Cities with substantial uncircumcised populations in 1950 tended to have higher HIV-2 prevalence from 1985.
In West African cities, male circumcision rates in 1950 were negatively correlated with HIV-2 prevalence from 1985, according to a study published in the open-access journal PLOS ONE by João Sousa from the University of Leuven, Belgium, and colleagues.
Scientists have managed to reconstruct the route by which HIV arrived in the US – exonerating once and for all the man long blamed for the ensuing pandemic in the west.
Using sophisticated genetic techniques, an international team of researchers have revealed that the virus emerged from a pre-existing epidemic in the Caribbean, arrived in New York by the early 1970s and then spread westwards across the US.
Infection, Genetics and Evolution, Available online 2 June 2016
Human immunodeficiency virus type 1 (HIV-1) was discovered in the early 1980s when the virus had already established a pandemic. For at least three decades the epidemic in the Western World has been dominated by subtype B infections, as part of a sub-epidemic that traveled from Africa through Haiti to United States. However, the pattern of the subsequent spread still remains poorly understood.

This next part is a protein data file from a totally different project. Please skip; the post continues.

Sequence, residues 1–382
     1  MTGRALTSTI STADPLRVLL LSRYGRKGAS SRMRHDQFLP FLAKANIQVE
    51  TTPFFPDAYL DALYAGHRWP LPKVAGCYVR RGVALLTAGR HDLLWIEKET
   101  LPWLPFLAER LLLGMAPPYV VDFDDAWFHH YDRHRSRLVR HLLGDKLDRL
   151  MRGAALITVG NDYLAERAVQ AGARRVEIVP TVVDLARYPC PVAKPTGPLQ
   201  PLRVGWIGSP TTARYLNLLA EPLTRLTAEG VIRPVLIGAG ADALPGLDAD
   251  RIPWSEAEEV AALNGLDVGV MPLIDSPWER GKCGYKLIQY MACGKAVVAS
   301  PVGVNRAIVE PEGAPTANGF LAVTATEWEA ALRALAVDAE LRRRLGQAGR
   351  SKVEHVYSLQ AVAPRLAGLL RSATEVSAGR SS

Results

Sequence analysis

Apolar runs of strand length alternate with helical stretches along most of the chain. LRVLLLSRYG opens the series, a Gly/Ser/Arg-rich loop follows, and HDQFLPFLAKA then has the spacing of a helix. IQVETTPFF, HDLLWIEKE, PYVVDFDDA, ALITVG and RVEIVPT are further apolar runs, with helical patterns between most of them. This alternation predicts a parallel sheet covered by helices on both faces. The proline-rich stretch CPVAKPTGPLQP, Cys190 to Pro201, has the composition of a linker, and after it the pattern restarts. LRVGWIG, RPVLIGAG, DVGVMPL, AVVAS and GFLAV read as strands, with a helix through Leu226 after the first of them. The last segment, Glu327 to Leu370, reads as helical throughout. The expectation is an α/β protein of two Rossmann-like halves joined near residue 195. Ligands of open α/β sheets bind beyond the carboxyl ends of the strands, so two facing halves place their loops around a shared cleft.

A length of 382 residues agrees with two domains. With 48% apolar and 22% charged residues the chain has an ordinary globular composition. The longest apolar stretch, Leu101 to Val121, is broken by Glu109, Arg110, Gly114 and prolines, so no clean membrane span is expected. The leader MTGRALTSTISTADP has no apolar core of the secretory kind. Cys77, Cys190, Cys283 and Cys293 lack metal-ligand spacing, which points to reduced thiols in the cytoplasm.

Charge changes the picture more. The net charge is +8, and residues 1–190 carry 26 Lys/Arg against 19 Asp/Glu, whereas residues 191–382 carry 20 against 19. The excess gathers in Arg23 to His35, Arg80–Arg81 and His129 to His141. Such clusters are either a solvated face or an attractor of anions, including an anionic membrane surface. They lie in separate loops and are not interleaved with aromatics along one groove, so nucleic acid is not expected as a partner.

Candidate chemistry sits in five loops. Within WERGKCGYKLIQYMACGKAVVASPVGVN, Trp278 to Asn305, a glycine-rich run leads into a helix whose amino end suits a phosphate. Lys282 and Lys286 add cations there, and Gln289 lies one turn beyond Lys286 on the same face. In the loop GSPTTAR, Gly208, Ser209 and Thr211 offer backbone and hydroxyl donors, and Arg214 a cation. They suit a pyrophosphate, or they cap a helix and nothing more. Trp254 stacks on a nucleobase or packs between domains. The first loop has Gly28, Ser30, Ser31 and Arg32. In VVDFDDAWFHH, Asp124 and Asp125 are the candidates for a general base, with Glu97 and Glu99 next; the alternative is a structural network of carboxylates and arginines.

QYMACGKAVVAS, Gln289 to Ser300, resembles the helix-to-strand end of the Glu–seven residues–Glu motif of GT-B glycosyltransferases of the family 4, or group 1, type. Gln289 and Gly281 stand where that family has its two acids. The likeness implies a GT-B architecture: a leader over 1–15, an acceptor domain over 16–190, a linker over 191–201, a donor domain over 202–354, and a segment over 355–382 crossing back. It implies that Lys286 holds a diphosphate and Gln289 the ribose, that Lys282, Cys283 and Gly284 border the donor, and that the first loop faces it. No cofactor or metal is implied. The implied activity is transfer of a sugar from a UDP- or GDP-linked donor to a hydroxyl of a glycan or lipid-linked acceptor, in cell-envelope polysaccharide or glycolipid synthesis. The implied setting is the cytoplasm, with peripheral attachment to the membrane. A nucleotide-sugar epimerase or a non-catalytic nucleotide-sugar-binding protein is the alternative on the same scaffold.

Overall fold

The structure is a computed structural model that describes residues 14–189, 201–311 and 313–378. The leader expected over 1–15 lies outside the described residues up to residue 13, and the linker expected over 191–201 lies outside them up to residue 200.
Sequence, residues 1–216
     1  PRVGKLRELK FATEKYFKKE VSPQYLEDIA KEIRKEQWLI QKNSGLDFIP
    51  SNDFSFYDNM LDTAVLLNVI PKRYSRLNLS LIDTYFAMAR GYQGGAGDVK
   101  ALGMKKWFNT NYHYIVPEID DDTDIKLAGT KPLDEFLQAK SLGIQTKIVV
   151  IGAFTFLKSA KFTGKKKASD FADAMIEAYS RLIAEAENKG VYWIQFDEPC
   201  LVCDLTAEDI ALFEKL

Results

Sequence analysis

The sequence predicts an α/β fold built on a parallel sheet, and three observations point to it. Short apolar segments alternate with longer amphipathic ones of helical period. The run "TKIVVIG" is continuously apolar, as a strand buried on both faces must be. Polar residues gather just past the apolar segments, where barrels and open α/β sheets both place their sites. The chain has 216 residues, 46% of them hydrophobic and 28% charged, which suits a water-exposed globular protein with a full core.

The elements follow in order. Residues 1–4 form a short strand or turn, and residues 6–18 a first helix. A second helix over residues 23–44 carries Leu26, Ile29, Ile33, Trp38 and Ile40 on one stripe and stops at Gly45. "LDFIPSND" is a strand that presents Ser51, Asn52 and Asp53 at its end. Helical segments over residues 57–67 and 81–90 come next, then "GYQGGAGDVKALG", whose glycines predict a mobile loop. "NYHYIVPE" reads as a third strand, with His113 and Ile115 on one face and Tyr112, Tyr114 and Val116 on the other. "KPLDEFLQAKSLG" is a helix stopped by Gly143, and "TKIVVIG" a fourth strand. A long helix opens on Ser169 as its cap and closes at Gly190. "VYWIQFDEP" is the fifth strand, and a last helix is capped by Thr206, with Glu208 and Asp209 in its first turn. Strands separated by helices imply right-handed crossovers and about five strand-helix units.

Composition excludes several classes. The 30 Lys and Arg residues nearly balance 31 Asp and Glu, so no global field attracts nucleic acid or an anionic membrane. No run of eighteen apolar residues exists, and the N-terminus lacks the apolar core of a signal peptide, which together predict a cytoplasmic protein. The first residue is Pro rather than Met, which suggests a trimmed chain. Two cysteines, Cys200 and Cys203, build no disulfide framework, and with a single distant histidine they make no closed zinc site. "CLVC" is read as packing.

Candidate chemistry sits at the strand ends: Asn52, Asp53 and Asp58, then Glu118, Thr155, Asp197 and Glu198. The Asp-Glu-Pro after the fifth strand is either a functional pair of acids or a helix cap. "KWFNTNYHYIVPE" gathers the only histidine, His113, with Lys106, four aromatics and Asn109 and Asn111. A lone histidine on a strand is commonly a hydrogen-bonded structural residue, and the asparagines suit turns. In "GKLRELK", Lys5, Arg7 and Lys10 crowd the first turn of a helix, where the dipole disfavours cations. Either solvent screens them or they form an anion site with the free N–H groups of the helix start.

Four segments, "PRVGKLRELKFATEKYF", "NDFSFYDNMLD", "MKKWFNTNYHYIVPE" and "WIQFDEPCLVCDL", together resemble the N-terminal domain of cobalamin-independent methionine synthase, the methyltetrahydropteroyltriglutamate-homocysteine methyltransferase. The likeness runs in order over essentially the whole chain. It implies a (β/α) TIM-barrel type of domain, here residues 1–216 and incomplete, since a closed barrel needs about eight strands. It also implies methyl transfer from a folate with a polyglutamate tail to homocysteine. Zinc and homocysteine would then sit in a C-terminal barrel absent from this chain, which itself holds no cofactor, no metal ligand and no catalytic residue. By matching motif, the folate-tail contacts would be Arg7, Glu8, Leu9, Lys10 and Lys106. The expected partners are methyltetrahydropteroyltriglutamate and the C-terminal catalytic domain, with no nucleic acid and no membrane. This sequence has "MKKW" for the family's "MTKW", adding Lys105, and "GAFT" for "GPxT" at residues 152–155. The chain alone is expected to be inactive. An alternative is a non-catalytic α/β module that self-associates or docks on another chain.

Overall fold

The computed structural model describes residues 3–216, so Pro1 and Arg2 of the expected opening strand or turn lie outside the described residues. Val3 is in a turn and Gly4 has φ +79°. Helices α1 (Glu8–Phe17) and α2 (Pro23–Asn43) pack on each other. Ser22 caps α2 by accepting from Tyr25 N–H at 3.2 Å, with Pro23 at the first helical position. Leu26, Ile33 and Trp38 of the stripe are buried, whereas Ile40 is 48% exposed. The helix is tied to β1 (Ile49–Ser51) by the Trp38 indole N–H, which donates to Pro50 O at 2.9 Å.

Here we analyze a large dataset of globally representative HIV-1 subtype B strains to map their spread around the world over the last 50 years and describe significant spread patterns.
We show that subtype B travelled from North America to Western Europe in different occasions, while Central/Eastern Europe remained isolated for the most part of the early epidemic. Looking with more detail in European countries we see that the United Kingdom, France and Switzerland exchanged viral isolates with non-European countries than with European ones.
The observed pattern is likely to mirror geopolitical landmarks in the post-World War II era, namely the rise and the fall of the Iron Curtain and the European colonialism.
In conclusion, HIV-1 spread through specific migration routes which are consistent with geopolitical factors that affected human activities during the last 50 years, such as migration, tourism and trade. Our findings support the argument that epidemic control policies should be global and incorporate political and socioeconomic factors.